Provided it is under enough pressure water can be heated to above 100C. It will not turn into steam, unless the pressure is reduced. Such systems are used in big heating systems.
However, this is very much something for those who know what they are doing. It is best to think of such high temperature hot water systems as liquid steam, because if it gets out the results are very nasty. My staff once had to recover the bodies of two men who had been killed by such a system and it haunted them.
The application to solar heaters is more complicated than I wanted to explain, but I will now. In any heating system one wants an adequate margin between what happens normally and what might happen in a strange situation. If an open vented solar water heating system was running with the water coming out of the collector at 95C then there is little margin between hot water coming out and the hot water turning into steam. There is little pressure because the header tank is likely to only just be above a roof mounted collector and thus the water will turn into steam at 100C. This isn't so much of a problem with flat plate collectors, which are unlikely to reach this temperature, but it will be with evacuated tube collectors.
With a pressurised system there is more margin, so that in odd conditions the collector could get to say 120C without too much risk of a problem. This could happen if the pump is not working for some reason, such as a power cut. With the Solartwin and Imagination systems the collector will never get to this sort of temperature anyway and the pump is solar powered and thus fewer things can go wrong with its electricity supply.

That is one of the advantages of the system. I think that if they could reduce the price of the unit they could corner a large slice of the market. When they started selling it some years ago ISTR a price of 1500, rather then the current 2000. However, reducing the price means increasing the volume sold and that depends on reducing the price...
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David Hansen, Edinburgh
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David Hansen <> wrote:

Not if the pump turns off and the water drains down at 95C. For long life, EPDM-lined tanks should be less than 77C.
Nick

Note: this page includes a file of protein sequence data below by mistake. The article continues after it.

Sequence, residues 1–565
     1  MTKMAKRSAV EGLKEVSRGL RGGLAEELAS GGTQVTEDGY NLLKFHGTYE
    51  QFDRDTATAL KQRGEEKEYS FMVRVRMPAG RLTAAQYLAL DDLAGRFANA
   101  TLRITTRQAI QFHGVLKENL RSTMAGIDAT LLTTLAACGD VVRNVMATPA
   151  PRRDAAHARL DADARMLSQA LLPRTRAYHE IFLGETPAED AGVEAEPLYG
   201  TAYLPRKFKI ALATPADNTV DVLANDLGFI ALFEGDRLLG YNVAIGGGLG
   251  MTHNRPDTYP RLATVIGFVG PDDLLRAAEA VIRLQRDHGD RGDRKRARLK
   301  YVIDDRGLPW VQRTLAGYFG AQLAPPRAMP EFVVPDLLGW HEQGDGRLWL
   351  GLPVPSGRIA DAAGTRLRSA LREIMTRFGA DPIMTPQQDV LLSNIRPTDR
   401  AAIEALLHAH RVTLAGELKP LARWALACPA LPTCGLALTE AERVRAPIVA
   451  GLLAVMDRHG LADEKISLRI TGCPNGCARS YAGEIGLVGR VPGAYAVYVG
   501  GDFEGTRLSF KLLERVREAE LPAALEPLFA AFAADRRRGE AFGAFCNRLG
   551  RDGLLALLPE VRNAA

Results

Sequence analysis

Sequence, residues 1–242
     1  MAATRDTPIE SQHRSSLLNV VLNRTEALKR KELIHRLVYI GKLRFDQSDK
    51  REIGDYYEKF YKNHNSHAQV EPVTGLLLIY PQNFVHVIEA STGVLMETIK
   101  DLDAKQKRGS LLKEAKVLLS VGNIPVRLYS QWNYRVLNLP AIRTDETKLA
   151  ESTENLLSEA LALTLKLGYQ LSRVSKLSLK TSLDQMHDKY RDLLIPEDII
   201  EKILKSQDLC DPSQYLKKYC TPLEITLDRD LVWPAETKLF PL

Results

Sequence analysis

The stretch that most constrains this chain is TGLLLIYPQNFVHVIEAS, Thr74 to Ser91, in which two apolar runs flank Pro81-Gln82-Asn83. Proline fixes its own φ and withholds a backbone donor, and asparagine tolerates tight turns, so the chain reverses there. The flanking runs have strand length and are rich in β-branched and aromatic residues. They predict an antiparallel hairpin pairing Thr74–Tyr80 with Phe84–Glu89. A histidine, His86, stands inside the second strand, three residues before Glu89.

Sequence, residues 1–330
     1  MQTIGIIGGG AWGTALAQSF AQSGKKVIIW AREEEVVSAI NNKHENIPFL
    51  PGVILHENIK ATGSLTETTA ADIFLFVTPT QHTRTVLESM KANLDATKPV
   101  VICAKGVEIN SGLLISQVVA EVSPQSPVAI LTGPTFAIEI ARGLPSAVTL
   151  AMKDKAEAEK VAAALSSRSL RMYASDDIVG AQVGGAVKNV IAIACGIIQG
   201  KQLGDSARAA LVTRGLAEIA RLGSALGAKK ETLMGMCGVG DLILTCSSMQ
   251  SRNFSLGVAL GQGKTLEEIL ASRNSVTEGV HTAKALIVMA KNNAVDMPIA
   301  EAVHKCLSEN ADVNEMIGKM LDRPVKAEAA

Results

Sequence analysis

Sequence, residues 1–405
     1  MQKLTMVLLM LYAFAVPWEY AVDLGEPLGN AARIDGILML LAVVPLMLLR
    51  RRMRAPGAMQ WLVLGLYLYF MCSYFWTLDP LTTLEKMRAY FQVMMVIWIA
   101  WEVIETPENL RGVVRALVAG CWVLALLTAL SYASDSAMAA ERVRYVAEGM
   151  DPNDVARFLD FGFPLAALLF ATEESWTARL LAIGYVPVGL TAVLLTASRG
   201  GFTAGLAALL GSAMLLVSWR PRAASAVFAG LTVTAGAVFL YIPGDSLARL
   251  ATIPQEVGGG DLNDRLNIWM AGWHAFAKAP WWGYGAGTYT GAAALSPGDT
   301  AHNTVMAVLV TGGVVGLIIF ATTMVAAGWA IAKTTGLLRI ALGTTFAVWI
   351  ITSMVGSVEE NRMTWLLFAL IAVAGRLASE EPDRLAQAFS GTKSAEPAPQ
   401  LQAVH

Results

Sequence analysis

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Mary Fisher wrote:

Does seem nice and simple but 2000 for the DIY kit buys a lot of gas heated hot water. Certainly our house would be very suitable for solar water heating (rear of house faces due south, v. little shade).
Tim
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On Fri, 10 Mar 2006 17:02:26 -0000 someone who may be "Tim Downie"

If the price of gas were to remain the same the simple payback period would be around 20-25 years. However, unlike the price of sunshine, the price of gas is unlikely to remain the same.
There are also other reasons for installing such things, for example reducing greenhouse gas emissions and reducing the maintenance on/extending the life of the boiler (which can usually be turned off for several months a year).
--
David Hansen, Edinburgh
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<sigh>
b) it might at present
a) Is that your sole criterion for the value of solar water heating?
> Certainly our house would be very suitable for solar water

Then do it. save money and emissions in some other imaginative way.

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David Hansen wrote:

When you choose sealed you're choosing not drainback, so the above doesnt seem to make sense, unless you know of a sealed drainback design?

I cant see how this is a problem. The loft is normally fine, sitting on the usual dividing wall. The tank is below the panels for drainbacks, it only needs to be above them for thermosyphons, which are not the usual choice.

again I dont see any downside with vented system maintenance. Sealed system maintenance does introduce extra issues, and for CH seems to result in more maintenance need in practice, as well as being less easy to work on.

That is one of the plusses for vented systems, that they will never go into that dangerous region of pressurised steam. Any sealed system that does requires extra certification, which isnt free, and must be designed to withstand much higher pressures. If it is not pressure safe then its just dangerous. Vented eliminates any such risk. Worst case for vented is steam coming out the overflow pipe, a non issue, or in the highly unlikely event of both a system boiling and a blocked overflow pipe, the steam simply comes out from around the tank lid. Safely.

Imho this is more the hype than the reality. The one advantage of a solar panel pump supply is simplicity, but thats all. The electricity created by the solar panel is the opposite of a worthwhile investment for 99% of end users. The control system is a bit crude, and will result in the system actively cooling your HW some of the time instead of heating it. In short it isnt worth it, unless you're just not skilled to do anything better.
NT
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wrote this:-

Sealed and pressurised are two differnt things. You can have a sealed system with an air gap in the top of a cyldiner, yet it is not pressurised - only when heated. When cold it will be atmospheric.

It isn't a problem an open vented drainback system does not requires a header tank at all, just space in a tank or cylinder at a lower level for the panels to drain into.

It is true a solar powered pumps may reverse the panel/cylinder and dissipate heat. But it is its overall performance that matters over a year.
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On 10 Mar 2006 09:48:43 -0800 someone who may be snipped-for-privacy@care2.com wrote this:-